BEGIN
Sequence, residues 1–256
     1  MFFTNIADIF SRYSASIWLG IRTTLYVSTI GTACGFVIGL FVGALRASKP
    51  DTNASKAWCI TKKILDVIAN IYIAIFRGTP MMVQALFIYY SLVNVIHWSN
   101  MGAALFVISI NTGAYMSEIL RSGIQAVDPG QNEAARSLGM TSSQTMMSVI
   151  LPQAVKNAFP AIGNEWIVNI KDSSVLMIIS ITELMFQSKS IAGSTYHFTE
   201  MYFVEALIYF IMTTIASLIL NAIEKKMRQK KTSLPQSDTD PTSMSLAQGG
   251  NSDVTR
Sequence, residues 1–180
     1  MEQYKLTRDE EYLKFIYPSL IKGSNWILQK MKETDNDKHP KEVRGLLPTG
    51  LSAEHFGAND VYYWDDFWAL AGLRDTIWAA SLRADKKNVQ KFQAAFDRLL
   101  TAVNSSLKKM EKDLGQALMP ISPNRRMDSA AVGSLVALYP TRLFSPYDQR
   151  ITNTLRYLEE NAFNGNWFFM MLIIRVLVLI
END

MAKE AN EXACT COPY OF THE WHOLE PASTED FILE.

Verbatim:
Sequence, residues 1–256
     1  MFFTNIADIF SRYSASIWLG IRTTLYVSTI GTACGFVIGL FVGALRASKP
    51  DTNASKAWCI TKKILDVIAN IYIAIFRGTP MMVQALFIYY SLVNVIHWSN
   101  MGAALFVISI NTGAYMSEIL RSGIQAVDPG QNEAARSLGM TSSQTMMSVI
   151  LPQAVKNAFP AIGNEWIVNI KDSSVLMIIS ITELMFQSKS IAGSTYHFTE
   201  MYFVEALIYF IMTTIASLIL NAIEKKMRQK KTSLPQSDTD PTSMSLAQGG
   251  NSDVTR
Sequence, residues 1–180
     1  MEQYKLTRDE EYLKFIYPSL IKGSNWILQK MKETDNDKHP KEVRGLLPTG
    51  LSAEHFGAND VYYWDDFWAL AGLRDTIWAA SLRADKKNVQ KFQAAFDRLL
   101  TAVNSSLKKM EKDLGQALMP ISPNRRMDSA AVGSLVALYP TRLFSPYDQR
   151  ITNTLRYLEE NAFNGNWFFM MLIIRVLVLI